Tuesday, January 03, 2006

Kerry and Electability

Yesterday we posted the AP article on Kerry as a potential 2008 candidate. Tracking down the liberal blogs which comment on this article is interesting. Those which openly object to Kerry running again all seem to come down to one thing--electability.

Beyond the poor logic in questioning the electability of a candidate who came so close to an incumbent in war time, primarily from people too young to recall McGovern vs. Nixon, I find this amusing for another reason. Back when Kerry began winning the primaries in 2004, supporters of other candidates frequently claimed (incorrectly) that people were only voting for Kerry because they thought he was the more electable candidate, and argued that such perceptions of electability was not a good way to chose a candidate.

So, back then electability was a poor argument to vote for Kerry, and now they cite electability as reason not to support another run by Kerry. Democrats should learn something from European opposition parties which often unite behind their most prominent member even if it takes a few election cycles to go from opposition to governing party. All Americans should learn something from European voters who value intelligent discussion of the issues over show-business style charisma.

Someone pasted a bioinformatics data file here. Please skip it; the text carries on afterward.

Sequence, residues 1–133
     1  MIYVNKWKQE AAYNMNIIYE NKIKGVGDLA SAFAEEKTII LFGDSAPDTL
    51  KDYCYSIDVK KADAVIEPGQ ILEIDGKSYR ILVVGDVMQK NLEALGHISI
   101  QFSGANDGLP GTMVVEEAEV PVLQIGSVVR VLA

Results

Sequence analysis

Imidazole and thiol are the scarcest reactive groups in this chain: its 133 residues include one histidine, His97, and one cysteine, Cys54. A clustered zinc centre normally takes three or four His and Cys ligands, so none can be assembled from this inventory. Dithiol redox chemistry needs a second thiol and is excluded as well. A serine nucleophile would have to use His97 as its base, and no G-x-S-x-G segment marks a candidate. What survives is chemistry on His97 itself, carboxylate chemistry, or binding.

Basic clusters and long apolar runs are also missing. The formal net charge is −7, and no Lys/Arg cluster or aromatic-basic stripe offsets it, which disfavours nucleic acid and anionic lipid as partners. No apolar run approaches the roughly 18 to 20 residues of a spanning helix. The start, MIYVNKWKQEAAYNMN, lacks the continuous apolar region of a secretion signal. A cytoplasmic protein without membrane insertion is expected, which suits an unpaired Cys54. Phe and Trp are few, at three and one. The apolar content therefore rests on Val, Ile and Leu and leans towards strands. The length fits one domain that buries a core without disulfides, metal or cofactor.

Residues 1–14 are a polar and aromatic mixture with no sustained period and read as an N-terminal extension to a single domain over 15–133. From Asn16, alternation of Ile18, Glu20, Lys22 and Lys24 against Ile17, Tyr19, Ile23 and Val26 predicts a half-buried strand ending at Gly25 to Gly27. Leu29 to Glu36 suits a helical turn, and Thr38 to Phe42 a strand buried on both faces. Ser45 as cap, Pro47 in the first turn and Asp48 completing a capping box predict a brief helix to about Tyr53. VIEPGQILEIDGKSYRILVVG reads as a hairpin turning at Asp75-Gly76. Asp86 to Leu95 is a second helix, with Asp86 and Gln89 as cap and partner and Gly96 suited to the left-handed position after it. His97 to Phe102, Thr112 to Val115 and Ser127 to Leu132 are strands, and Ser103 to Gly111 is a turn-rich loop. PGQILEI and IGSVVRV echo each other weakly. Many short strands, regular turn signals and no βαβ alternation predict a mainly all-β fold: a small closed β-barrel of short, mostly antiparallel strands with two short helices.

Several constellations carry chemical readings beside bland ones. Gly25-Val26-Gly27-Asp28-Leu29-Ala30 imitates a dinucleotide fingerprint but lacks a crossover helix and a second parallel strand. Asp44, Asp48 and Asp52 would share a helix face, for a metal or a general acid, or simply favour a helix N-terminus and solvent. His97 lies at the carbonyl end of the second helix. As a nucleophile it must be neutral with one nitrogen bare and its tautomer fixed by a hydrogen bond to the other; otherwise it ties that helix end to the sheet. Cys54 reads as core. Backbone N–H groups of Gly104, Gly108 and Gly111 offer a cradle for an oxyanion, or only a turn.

I didn't decide whether to support Kerry in 2004 based upon "electability" and this is not my primary consideration in 2008. While winning is important, my primary focus is on what happens after the election. The simple fact of the matter was that, after examining the field, it became clear that there weren't any other candidates who came close to Kerry in experience, knowledge of the issues, and in the positions he took. (Perhaps it was because of this that his major opponent only appeared to have a chance by falsely claiming Kerry had supported the war to attempt to undermine his liberal support). It is also notable that, while most potential 2008 candidates have been running towards the middle, it is John Kerry who has stated the need to stick to liberal principles.

Of course, we cannot totally ignore electability either. That's why I'm sticking with the guy who thrashed all Democratic contenders as well as the GOP nominee in every debate he participated in, and who came from behind Al Sharpton in the polls to virtually sweep the Democratic primaries.


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